Executive Summary Committed to ensuring high quality work and in line with its policy and culture of building on lessons learnt, Aktion Deutschland Hilft e. V. (ADH) appointed the Humanitarian Exchange and Research Centre (HERE) in December 2018 to carry out an independent evaluation of its joint appeal “Rohingya Myanmar Bangladesh”. This report reflects the main findings of this evaluation, which aims to identify which approach ADH Member Organisations (MO) have adopted to contribute to the protection of the Rohingya refugees in Bangladesh. More specifically, the evaluation has looked at the extent to which MOs have considered the Sphere Handbook Protection Principles, which are sector-wide standards, in the design and implementation of their work. As of 25 August 2017, the world witnessed one of the largest and fastest refugee movements in recent decades. In the following weeks, an average of 20,000 Rohingya arrived in Bangladesh per day, victims to gross and serious human rights abuses in their native region of northern Rakhine, Myanmar. They arrived in a rural, hilly, and forested area without any infrastructure which was entirely unsuited to receive such large numbers. While the government of Bangladesh is to be commended for keeping its borders open, it insisted that the refugee situation is a temporary one, which together with the ill-suited environment resulted in formidable challenges for providing effective humanitarian assistance and protection. In this light, it is no small achievement that epidemics have so far been avoided, and the situation in the refugee camps has largely been stabilised. Carried out in the period of mid-January until early March 2019, this evaluation has looked at the work that ADH member organisations and their partners have done for the Rohingya refugees and their host communities. It found that ADH MOs have given consideration to integrating protection aspects in their work, as evidenced by a number of examples of good protection practice. In particular, the MOs are making an effort to ensure that their engagement does not create further harm. Situations where hundreds of thousands of people are desperate to find ways and means to survive are easy breeding grounds for abuse and exploitation. Recognising this sad fact, all of ADH MOs have policies in place to prevent survival practices such as trading sex for assistance, better known as the prevention of sexual abuse and exploitation. That said, serious challenges remain in place in the overcrowded camps. Contributing to the protection of the Rohingya refuges does not only include the aspect of preventing further harm, however. That would be too low a benchmark. The protection of refugees first and foremost involves ensuring the respect of refugee rights. In a context where the government has kept a restrictive policy towards recognising these rights and is even avoiding the use of the term refugee, this is particularly challenging, but also all the more necessary. The evaluation found that ADH MOs and their partners can do a better job in this regard. First, the evaluation found that while MOs do consider protection aspects in line with their specific activities, many of them need to widen their focus. For example, other than contributing to the massive deforestation, the collection of firewood exposes women and men, boys and girls to significant risks, such as sexual assault. While the government agreed to the distribution of LPG gas cylinders in 2018, the evaluation saw that these were not in place in many of the areas the Evaluation Team visited. Yet, this protection concern did not appear as prominent in the minds of MO interviewees. Similarly, the government has prohibited the presence of aid organisations in the camps during night, when in fact their presence could help reduce incidents of trafficking or rape. Again, the evaluation found that MOs paid too little attention to this serious issue, seemingly as it is not directly within the area of activities defined by their programmes. One way of adopting a wider approach is to combine the delivery of services with engaging with the refugees on protection concerns. Medical clinics or therapeutic feeding centres may provide safe spaces for consulting with refugee women, men, and adolescents on what protection risks they face and how organisations could do a better job in addressing these challenges. Second, the evaluation identified the need for MOs to be bolder in their protection work. One immediate protection threat that the evaluation saw is the intimidation of Rohingya women who have been engaged as outreach- or community workers by the organisations in the camps, including MOs. Religious and other leaders are pushing back on giving Rohingya women such a prominent role to the level of (physical) threats and assault. While aware of this serious issue, MOs had not yet adopted an appropriate set of protection measures, supposedly also as the government has prohibited that they employ Rohingya as staff. Third, in line with the previous finding, the evaluation sees the need for the MOs to ensure that they are prepared to speak out and refrain from self-censorship. Besides protection in the camps, there should be a concern for overall refugee rights and principles under international law. Even though Bangladesh is not a signatory to the 1951 Convention relating to the Status of Refugees, it is under certain obligations, including to respect the principle of voluntary repatriation. With the exception of a welcome joint NGO statement on premature repatriation, the Evaluation Team saw too few efforts among the MOs to engage in advocacy – individually or collectively – to promote the rights of refugees. Similarly, a stronger positioning may be required in light of the risk that up to 100,000 refugees will be relocated to a silt island in the Bay of Bengal. This may amount to internment, a clear violation of the rights to freedom of movement and to a livelihood. Humanitarian organisations may adopt different positions when the government asks them to remain involved with these refugees. Some may believe that it is only by being on the island that they will be able bear witness to the situation and remain in touch with Rohingya. Others may refuse to associate themselves with such a relocation, as it could be interpreted as condoning a de facto detention. Both positions require that NGOs engage in advocacy, either through diplomatic channels or in public. To ensure better protection of the Rohingya refugees, the evaluation sees the need for MOs to further train their staff on the specific characteristics of refugee protection. As noted, the MOs have integrated protection aspects in their work, but there is a need for more depth and a better understanding of the wider refugee context. A range of protection concerns pertaining specifically to refugees require more priority, such as the uncertainties linked to the issues of registration, repatriation, and relocation, to name a few. It is clear that ADH’s MOs make up a very small number of the actors involved in the Rohingya refugee response, and operationally they can only do so much to address these concerns, but this does not relieve them from adopting a holistic approach, instead of siloed one in which they concentrate on their specific activities. Protection as an overarching concern in humanitarian action has implications that go beyond the specific activities that are part of organisations’ programmes. Principally, it involves questions as to the culture, strategy, and approach of organisations in terms of taking risk. Protection work requires courage as it involves activities and positions that may put an organisation at odds with a government’s policy and expectations. This may be a new experience for organisations working in Bangladesh, but it is an inherent aspect of pursuing a protection agenda. In the months to come, when the government of Bangladesh will further acknowledge that the Rohingya cannot return to their homes in Rakhine State, Myanmar, there will be a continuous need for MOs to negotiate and advocate for protection space for the Rohingya refugees in Bangladesh and to work towards improved safety of the refugees in the camps.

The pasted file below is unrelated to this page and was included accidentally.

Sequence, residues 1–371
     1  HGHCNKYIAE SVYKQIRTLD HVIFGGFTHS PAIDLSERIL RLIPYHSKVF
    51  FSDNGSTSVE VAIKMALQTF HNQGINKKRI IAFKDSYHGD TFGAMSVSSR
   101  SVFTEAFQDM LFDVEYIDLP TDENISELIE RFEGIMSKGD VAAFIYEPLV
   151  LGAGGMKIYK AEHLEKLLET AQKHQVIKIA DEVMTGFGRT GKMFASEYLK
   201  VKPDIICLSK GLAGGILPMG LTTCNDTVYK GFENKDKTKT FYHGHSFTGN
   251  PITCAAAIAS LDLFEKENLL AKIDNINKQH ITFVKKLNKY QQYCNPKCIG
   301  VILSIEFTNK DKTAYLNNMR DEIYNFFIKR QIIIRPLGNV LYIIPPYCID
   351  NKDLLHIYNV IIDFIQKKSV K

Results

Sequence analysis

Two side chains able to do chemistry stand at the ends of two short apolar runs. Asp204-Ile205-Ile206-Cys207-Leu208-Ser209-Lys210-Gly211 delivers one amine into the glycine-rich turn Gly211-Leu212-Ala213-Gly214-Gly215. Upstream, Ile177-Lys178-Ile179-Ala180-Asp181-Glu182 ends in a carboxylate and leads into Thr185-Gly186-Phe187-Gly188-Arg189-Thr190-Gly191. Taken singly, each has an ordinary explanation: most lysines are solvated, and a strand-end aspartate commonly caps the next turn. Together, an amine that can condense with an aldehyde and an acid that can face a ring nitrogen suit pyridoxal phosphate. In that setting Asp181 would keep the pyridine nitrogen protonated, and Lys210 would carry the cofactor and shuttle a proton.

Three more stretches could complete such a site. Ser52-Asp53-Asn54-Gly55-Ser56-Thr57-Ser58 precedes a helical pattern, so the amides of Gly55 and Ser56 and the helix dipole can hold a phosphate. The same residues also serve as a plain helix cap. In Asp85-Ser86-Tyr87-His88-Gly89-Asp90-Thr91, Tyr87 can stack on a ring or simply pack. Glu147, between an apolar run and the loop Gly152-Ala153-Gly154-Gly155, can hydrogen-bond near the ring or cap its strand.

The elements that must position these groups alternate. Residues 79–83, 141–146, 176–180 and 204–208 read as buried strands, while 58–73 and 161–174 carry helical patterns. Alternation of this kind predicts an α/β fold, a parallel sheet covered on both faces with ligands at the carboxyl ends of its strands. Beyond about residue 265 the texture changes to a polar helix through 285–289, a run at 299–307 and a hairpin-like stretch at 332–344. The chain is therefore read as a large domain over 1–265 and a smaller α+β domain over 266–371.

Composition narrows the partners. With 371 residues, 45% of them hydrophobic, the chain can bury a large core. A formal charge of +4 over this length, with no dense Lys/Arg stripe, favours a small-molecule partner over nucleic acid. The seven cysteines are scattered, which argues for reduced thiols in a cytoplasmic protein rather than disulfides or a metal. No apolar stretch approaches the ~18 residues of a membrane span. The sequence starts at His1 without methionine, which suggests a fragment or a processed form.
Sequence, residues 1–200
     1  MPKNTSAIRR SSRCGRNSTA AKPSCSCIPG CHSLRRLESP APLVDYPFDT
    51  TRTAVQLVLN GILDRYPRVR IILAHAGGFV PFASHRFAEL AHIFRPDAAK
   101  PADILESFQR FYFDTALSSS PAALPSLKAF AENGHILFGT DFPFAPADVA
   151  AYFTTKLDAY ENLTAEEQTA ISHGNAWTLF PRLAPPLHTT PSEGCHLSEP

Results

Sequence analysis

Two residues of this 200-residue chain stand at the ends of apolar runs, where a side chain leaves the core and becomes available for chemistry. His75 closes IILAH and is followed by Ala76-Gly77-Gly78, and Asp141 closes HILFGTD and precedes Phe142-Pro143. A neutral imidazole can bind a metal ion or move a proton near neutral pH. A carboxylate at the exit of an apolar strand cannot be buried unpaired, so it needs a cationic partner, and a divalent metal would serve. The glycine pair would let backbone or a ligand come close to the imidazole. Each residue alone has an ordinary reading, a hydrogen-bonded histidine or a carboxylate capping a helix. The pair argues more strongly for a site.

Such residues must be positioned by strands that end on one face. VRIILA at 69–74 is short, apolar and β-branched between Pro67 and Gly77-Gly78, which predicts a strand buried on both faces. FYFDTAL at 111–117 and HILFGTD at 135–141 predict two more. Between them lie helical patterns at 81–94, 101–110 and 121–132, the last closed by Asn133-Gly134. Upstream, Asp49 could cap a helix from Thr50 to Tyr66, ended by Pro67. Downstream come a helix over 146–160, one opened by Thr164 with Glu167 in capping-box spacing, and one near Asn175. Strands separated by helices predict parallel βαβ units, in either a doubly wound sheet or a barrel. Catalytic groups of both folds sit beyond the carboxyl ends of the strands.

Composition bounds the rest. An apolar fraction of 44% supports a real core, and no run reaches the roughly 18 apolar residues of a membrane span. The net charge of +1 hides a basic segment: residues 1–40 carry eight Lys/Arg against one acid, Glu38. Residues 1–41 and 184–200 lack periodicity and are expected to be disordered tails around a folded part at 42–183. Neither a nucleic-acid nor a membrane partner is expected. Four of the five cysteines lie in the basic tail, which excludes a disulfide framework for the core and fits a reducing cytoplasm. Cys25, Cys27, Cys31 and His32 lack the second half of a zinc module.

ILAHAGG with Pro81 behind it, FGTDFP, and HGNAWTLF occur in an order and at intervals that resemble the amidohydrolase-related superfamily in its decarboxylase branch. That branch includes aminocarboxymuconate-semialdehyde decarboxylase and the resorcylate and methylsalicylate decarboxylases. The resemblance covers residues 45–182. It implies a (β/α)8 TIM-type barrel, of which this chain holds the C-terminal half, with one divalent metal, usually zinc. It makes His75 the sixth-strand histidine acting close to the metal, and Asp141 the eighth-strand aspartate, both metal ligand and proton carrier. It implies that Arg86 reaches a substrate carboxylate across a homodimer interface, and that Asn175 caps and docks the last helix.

Latest News
Hashtags:   

Bangladesh

 | 

Independent

 | 

evaluation

 | 

Aktion

 | 

Deutschland

 | 

Hilft

 | 

joint

 | 

appeal

 | 

“Rohingya

 | 

Myanmar

 | 

Bangladesh”

 | 

April

 | 
Most Popular (6 hours)

Most Popular (24 hours)

Most Popular (a week)

Sources